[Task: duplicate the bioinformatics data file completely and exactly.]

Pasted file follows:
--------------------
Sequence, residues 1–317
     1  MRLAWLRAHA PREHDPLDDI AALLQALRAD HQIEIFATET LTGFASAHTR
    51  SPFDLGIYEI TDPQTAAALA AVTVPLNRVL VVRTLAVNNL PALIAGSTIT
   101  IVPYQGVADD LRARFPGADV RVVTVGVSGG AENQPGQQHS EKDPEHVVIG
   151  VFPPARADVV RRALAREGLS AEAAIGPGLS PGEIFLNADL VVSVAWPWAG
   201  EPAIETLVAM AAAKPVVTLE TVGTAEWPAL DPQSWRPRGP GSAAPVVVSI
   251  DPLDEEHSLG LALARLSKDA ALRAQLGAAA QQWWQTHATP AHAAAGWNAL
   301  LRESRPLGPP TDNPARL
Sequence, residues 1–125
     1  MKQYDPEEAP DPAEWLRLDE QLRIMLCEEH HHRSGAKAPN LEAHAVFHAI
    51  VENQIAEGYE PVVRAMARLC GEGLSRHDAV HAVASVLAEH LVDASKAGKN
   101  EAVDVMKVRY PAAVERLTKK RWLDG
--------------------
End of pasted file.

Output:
Sequence, residues 1–317
     1  MRLAWLRAHA PREHDPLDDI AALLQALRAD HQIEIFATET LTGFASAHTR
    51  SPFDLGIYEI TDPQTAAALA AVTVPLNRVL VVRTLAVNNL PALIAGSTIT
   101  IVPYQGVADD LRARFPGADV RVVTVGVSGG AENQPGQQHS EKDPEHVVIG
   151  VFPPARADVV RRALAREGLS AEAAIGPGLS PGEIFLNADL VVSVAWPWAG
   201  EPAIETLVAM AAAKPVVTLE TVGTAEWPAL DPQSWRPRGP GSAAPVVVSI
   251  DPLDEEHSLG LALARLSKDA ALRAQLGAAA QQWWQTHATP AHAAAGWNAL
   301  LRESRPLGPP TDNPARL
Sequence, residues 1–125
     1  MKQYDPEEAP DPAEWLRLDE QLRIMLCEEH HHRSGAKAPN LEAHAVFHAI
    51  VENQIAEGYE PVVRAMARLC GEGLSRHDAV HAVASVLAEH LVDASKAGKN
   101  EAVDVMKVRY PAAVERLTKK RWLDG